Cost of Fashion

When we browse the racks of vibrant back-to-school clothing at our local mall, prices are often on the top of our list of things to look out for. Rarely do we consider why prices are the way they are. Instead, we stay away from brands that sell clothing for prices we view as too high, without realizing that these prices improve the treatment of workers. However, with the growing social awareness about company history and practices, we consumers are running out of excuses to continue shopping at places like Forever 21.

Fast fashion is a modern term used by fashion retailers describing designs that are released quickly to model the changing trends. Brands like Forever 21, Zara, and Topshop are at the forefront of this fashion retail revolution, and the term has become associated with disposable fashion due to the low prices the clothes are sold for. However, despite the cheap prices, fast fashion has a high cost, both ethically and en- vironmentally.

In 2013, an eight-story commercial building in Bangladesh, named Rana Plaza, collapsed, resulting in the deaths of 1,134 people. Despite the Rana Plaza’s obvious structural problems, the workers were ordered to complete orders for buyers due to the short production deadlines demanded by fast fashion brands. The Rana Plaza incident is only one of the many incidents that have occurred as a result of unfair labor practices.

However, unfair labor practices do not just exist in remote areas outside of the U.S.; a prime example is Forever 21, where behind everysweater you pick up is a tired, overworked, and grossly underpaid sweatshop worker. The U.S. Department of Labor has confirmed thatForever 21’s workers face working conditions similar to those belonging to sweatshops, earning only $4-6 an hour, which is far below the minimum wage ($12 in Los Angeles). Unfortunately, companies like Forever 21 and Ross are retailers rather than manufacturers, and the U.S. Department of Labor can only enforce laws on companies that hire and break labor laws themselves.

The practice of fast fashion and our mass consumption of clothing have taken a toll on the environment as well. According to the En- vironmental Protection Agency (EPA) estimates, the average American throws away about 81 pounds of clothing every year. 95 percent of used textiles can be recycled, but rather than being recycled, 85 percent ends up in the trash. Synthetic fabrics, often used by fast fashion brands, take hundreds of years to decompose. Consumers are buying more and more clothes not only because they want the clothing and think it’s fashionable but also because the low prices enable them to buy more for less. As a result, the average person buys 60% more clothes but keeps them for half as long as someone 15 years ago, which generates a great amount of waste.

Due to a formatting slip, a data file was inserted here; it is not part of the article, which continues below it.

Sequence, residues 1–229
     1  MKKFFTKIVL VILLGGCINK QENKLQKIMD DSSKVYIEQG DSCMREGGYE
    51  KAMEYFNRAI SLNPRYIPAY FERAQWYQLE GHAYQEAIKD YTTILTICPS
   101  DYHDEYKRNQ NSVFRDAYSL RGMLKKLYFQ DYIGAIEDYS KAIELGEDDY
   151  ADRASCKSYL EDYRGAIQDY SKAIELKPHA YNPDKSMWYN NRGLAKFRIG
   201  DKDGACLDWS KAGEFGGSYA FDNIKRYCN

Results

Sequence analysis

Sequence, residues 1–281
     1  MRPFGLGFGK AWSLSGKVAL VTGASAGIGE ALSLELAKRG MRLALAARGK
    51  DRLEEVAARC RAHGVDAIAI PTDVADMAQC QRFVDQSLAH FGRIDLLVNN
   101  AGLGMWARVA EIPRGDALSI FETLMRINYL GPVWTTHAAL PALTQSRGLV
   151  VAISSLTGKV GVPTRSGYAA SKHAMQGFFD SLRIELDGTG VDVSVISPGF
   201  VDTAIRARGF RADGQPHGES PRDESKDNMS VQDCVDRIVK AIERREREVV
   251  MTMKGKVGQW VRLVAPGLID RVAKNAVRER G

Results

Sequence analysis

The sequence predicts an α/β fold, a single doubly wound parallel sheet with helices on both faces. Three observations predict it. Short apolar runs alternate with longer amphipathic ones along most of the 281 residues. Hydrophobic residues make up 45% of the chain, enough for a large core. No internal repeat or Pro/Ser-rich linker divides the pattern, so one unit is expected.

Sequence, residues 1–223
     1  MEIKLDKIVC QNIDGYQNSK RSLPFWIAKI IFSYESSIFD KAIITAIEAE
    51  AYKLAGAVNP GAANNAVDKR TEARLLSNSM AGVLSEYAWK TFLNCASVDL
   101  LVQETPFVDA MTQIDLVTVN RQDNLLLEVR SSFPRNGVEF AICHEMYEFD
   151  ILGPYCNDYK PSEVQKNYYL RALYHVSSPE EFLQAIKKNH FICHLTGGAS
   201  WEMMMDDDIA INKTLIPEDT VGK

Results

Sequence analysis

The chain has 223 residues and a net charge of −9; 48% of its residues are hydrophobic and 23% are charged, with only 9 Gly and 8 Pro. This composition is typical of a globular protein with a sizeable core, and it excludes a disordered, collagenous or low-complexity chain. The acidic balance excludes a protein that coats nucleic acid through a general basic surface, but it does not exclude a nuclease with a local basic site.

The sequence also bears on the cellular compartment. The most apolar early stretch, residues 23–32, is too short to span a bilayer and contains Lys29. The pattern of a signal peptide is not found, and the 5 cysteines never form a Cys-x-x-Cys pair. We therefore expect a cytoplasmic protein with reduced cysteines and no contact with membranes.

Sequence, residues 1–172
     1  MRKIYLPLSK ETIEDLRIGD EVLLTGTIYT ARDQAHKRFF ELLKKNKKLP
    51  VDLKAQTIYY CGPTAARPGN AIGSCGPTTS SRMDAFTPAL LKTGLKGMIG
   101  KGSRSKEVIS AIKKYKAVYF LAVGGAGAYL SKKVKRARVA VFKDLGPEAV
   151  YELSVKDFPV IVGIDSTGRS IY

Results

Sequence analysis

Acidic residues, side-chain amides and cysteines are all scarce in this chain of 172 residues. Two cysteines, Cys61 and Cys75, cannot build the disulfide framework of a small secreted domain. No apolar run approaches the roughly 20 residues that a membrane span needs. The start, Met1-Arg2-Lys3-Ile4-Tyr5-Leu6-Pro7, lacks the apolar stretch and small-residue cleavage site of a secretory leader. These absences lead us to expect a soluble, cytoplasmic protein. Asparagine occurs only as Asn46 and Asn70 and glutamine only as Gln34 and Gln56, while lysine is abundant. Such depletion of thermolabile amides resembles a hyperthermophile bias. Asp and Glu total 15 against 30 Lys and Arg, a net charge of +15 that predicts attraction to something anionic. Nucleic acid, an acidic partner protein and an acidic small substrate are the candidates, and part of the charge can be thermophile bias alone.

Of course, some people simply cannot afford to buy higher quality clothing because it usually entails a higher price. As a result, trendy fashion with cheap prices can come as a blessing, and it is improbable to suggest that these people switch to more expensive options that they cannot afford.

However, many people actually have the means to switch to non-fast fashion brands, but choose not to. If you don’t have the extra cashhandy, a visit to your local thrift store is always an option. Also, before buying anything, consider how many times you will wear the outfit;this practice will hopefully help lessen the number of T-shirts in your closet accumulating cobwebs. It’s not always easy, but buying frommore ethical brands, such as Zady, People Tree, and Everlane, is also a feasible option. They don’t provide the cheap fix many are used towith fast fashion, but knowing your clothing doesn’t come with skeletons in the closet is worth the extra dollar to many consumers. And of course, if you are skilled with a needle and thread and are willing to spend a little extra time on creating your own clothes, that’s always a cheap and fun way to add new additions to your wardrobe.

In short, buying from fast fashion brands not only condones the usage of sweatshop workers but also contributes to a greater footprint on the environment. No piece of clothing is worth the violation of human rights or the desecration of the environment. So next time you take a trip to the mall, take a moment to search up the history and sustainability of the brand before buying.

Nicole Iwamasa / Features Editor | Eui Jin Song / Associate & Editorials Editor

Image Courtesy of Miss Hawaii USA Pageant

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